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What is the ideal privacy policy for your company?

What is the ideal privacy policy for your company?

8 days ago
João Bruno Soares
4 minutes

Is there an ideal and foolproof Privacy Policy?

This is one of the most difficult questions to answer nowadays. Especially considering all the jurisprudence already established in Europe with the GDPR, the extensive history of cases, and the numerous tips we see in the market. Not to mention the judicial decisions that are already emerging in Brazil with the LGPD.

I'll answer you promptly: No. And I'll help you understand why.

I believe it is possible to develop a line of reasoning that can assist each one of us entrepreneurs, DPOs, lawyers, third-party consultants, etc. Ultimately, everyone can have a clear understanding of how the game works to avoid being caught off guard.

Below is the logic behind a privacy policy and some principles to help you understand the game. Perhaps even assist you in adapting your company and addressing any doubts that may arise along the way.

What makes a privacy policy better or worse?

To be as straightforward as possible: Does it accurately reflect the reality of data usage and flow within the company?

Here is the key to understanding any privacy policy: It must truthfully reflect the motivations and data flow in the company's routines.

Therefore, before we evaluate the quality of a privacy policy, it is essential to understand why it exists and its purpose. Is it becoming clearer?

In a simple and direct manner, I would highlight that a company's privacy policy is:

A public declaration of the objectives, interests, and responsibilities that companies have regarding the use and application of data, especially personal data, for the execution of their business model.

In other words, the guidelines provided in the privacy policy give us a real understanding of how that business operates regarding data usage and the actual commercial and/or legal purposes for which the data is used.

What do I need to know and map out to create my Privacy Policy?

In essence, it is not possible to structure a privacy policy without understanding the foundations of the business. Don't worry, I'm not complicating things for the sake of it, but rather showing you that without this knowledge, even a lawyer charging thousands of dollars per hour won't be able to assist you.

By the way, a good piece of information for you is that the privacy policy does not necessarily need to be written by a lawyer or in "legalese." According to the LGPD, before anything else, it must be clear, educational, and easily readable for the data subject. So, whether it's you, your lawyer, or anyone who understands the processes, purposes, or legislation of your market, it's all good. Prioritize readability, clarity, and the ability for any visitor or customer accessing your platforms to understand and interpret the information.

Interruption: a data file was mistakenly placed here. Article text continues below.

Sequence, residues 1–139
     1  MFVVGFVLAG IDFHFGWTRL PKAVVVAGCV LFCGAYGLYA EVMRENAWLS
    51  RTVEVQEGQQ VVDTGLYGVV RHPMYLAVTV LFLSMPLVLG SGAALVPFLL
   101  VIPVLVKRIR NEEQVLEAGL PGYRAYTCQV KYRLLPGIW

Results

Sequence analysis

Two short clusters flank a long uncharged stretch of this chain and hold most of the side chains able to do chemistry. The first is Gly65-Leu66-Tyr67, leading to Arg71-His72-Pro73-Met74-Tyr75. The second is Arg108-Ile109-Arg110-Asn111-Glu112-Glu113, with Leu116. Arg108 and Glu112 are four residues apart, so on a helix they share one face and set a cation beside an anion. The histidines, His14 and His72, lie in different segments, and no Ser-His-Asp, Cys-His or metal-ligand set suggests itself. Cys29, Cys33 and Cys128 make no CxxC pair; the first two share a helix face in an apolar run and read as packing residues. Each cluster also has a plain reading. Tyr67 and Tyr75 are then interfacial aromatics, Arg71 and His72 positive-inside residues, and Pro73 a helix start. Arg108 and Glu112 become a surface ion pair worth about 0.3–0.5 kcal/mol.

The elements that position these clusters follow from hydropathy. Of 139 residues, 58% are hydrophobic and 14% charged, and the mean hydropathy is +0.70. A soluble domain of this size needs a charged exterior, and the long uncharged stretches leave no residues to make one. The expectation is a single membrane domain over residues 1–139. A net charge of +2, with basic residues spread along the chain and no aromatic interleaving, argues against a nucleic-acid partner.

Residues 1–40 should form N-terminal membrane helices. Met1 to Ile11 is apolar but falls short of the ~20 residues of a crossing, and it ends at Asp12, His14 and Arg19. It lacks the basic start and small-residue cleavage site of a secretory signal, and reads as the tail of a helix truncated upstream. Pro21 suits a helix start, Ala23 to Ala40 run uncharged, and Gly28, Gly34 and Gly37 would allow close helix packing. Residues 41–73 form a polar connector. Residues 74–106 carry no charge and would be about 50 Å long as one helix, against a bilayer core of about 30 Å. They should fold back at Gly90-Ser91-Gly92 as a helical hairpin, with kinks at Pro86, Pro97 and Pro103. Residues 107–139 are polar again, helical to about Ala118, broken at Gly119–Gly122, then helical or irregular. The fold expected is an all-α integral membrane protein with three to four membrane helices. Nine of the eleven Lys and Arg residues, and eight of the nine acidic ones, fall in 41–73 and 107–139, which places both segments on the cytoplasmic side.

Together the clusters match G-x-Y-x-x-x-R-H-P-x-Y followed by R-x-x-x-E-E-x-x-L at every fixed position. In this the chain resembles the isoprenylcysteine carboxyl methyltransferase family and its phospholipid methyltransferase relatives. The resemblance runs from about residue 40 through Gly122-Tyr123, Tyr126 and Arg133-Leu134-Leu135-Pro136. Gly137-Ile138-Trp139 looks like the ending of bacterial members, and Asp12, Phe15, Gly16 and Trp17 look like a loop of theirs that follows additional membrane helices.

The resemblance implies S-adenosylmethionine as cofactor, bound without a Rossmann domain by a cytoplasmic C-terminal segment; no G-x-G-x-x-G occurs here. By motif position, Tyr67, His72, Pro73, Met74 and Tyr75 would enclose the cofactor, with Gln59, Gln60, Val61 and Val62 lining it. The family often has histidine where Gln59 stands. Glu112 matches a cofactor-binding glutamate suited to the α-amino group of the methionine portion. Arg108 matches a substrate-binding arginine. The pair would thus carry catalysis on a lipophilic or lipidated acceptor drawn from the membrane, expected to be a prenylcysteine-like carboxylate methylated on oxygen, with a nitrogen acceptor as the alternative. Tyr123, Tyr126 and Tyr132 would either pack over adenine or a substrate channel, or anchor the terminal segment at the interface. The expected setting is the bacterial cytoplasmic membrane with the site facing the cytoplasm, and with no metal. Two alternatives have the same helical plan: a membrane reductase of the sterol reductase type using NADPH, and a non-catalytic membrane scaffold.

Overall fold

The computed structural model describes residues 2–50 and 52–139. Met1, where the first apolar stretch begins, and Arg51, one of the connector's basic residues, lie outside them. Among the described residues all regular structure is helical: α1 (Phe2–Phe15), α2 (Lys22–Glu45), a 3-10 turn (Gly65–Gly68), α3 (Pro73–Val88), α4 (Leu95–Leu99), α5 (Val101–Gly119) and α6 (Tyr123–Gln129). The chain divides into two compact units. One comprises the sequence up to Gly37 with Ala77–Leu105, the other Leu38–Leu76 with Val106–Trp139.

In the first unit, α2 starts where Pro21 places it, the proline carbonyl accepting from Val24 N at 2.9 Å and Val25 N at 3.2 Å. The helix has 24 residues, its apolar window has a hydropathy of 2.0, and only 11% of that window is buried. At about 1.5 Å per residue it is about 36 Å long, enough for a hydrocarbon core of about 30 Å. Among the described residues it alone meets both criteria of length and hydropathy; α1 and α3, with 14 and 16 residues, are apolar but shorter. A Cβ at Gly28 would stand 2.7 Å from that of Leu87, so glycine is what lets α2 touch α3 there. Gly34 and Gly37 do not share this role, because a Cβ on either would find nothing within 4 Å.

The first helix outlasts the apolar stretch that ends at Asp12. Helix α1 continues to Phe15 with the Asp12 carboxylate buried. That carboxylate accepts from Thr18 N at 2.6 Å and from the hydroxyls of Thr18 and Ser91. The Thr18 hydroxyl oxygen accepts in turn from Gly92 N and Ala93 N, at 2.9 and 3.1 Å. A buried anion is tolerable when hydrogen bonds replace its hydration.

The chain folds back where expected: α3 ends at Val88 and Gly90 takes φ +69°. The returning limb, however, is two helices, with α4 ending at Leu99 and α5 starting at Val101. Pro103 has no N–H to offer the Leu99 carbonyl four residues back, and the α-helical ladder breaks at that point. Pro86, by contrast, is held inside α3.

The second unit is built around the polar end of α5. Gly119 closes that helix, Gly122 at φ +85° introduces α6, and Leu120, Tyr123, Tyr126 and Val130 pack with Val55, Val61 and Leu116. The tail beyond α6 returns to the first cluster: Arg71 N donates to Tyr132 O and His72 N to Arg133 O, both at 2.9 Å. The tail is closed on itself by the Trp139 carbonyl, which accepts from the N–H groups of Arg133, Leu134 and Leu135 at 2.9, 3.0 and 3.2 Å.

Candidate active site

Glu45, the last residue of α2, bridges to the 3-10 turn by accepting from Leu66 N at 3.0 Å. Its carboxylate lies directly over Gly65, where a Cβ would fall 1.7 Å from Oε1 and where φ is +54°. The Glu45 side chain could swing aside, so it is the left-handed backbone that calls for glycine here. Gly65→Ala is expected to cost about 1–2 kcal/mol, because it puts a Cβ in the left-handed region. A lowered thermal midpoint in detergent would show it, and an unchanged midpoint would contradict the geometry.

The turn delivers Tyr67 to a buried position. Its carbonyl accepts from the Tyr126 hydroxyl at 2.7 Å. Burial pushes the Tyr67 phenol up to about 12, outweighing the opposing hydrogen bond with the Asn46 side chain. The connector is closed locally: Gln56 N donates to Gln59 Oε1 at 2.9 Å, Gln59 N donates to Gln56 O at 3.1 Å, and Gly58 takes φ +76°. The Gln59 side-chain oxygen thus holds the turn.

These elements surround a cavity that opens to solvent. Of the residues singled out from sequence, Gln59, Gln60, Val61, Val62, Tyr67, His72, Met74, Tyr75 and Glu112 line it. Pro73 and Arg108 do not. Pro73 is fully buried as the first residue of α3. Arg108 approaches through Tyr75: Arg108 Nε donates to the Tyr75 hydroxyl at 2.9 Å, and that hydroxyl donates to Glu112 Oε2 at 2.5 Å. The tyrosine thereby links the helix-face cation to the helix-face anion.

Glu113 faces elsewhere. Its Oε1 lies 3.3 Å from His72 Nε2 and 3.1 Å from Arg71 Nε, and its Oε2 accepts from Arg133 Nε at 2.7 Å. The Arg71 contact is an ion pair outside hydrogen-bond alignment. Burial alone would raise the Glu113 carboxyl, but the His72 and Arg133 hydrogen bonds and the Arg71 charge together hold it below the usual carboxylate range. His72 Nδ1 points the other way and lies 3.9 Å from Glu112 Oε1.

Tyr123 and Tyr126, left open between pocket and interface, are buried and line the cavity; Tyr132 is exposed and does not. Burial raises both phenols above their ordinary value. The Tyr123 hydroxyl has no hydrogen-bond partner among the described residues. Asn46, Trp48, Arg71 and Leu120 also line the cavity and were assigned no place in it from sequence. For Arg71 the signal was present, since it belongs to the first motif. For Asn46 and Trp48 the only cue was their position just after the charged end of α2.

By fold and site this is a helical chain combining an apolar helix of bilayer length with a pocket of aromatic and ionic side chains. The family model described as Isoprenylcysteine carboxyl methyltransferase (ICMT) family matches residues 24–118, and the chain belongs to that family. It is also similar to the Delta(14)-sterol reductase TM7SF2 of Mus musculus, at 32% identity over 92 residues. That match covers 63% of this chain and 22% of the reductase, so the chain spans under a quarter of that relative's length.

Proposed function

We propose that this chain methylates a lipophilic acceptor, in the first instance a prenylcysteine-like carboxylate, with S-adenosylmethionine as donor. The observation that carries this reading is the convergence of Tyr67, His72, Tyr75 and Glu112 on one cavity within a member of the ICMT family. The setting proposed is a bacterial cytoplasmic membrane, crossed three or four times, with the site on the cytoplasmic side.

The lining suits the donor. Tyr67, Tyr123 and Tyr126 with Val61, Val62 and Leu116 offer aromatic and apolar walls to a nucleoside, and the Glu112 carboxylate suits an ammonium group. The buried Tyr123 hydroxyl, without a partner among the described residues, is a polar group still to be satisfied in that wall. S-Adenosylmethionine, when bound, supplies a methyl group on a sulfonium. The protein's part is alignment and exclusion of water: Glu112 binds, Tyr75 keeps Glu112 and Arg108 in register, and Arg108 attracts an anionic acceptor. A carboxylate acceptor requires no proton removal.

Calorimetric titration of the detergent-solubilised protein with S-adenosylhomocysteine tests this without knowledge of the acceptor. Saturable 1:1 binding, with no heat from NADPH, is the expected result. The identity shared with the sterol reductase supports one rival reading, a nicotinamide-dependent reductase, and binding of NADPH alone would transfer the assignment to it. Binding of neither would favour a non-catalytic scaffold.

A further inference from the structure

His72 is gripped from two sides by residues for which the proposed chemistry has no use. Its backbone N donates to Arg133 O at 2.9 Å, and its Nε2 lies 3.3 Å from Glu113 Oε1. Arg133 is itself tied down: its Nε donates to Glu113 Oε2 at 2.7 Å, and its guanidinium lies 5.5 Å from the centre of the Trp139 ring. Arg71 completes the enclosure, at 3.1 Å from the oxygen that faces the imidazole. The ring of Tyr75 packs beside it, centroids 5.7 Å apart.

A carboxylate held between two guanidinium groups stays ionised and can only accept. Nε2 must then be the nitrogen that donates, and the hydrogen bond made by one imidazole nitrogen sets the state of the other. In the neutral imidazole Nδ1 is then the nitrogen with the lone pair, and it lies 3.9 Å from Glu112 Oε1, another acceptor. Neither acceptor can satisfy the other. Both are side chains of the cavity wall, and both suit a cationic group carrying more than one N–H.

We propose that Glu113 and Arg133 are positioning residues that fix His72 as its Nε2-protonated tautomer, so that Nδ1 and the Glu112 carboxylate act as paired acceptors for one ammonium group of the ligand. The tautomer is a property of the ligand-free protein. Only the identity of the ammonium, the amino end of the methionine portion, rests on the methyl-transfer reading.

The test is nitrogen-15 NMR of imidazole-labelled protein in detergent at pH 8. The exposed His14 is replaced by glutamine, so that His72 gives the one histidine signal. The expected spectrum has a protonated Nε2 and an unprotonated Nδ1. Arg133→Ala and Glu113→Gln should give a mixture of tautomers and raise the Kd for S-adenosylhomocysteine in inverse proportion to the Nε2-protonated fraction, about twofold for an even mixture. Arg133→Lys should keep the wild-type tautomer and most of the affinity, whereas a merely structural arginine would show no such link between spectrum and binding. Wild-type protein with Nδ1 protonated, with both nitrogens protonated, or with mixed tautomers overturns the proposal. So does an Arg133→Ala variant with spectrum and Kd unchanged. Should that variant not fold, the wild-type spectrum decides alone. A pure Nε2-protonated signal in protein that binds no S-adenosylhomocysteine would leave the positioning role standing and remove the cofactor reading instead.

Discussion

However, it is worth noting that we recommend at least seeking advice from a lawyer. There are certain criteria and potential complexities in the market that they can assist you with more adeptly. For example, the healthcare industry has specific legislation that already treats patient data differently, and therefore, it may sometimes supersede LGPD requirements.

We are in Brazil, my friend, so, as usual, everything depends on the specific circumstances.

Anyway, let's go through the essential points you need to know to create any privacy policy. Points such as:

  1. Corporate structure;

  2. Market sector;

3.### Relevant laws governing the activities of players in the market;

4.### Product and/or service portfolio;

5.### Revenue streams and distribution channels;

6.### Basic understanding of the company's organizational structure; (Headquarters and branches, size, number of departments involved, decision-making hierarchy, etc.)

7.### Supply chain;

8.### Sales and after-sales service;

9.### Communication channels; ...

Without this initial detailed understanding, the privacy policy will be incomplete and consequently flawed.

For example, what good does it do if I state that I use data on Facebook, collect addresses, emails, and CPF (Brazilian individual taxpayer registry number) for signing up for my plan and for email marketing, with data disposal in case of opt-out, if there is a legislation in my market that requires me to store this data beyond the data subject's requests?

I believe it is clear now how much information we need to consider. However, this should not discourage you! In fact, it is precisely the knowledge of these processes, or in other words, the understanding of the entire operation, that will give you greater confidence to determine whether the privacy policy is "good" or not. Again, it must reflect the reality and day-to-day operations of the company.

One of the tools/processes that can help you confidently structure the privacy policy is Data Mapping. If you don't have one yet or haven't considered implementing it, I'll summarize it for you in the link below.

Data Mapping: The Life Jacket for LGPD

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LGPD
Privacy Policy

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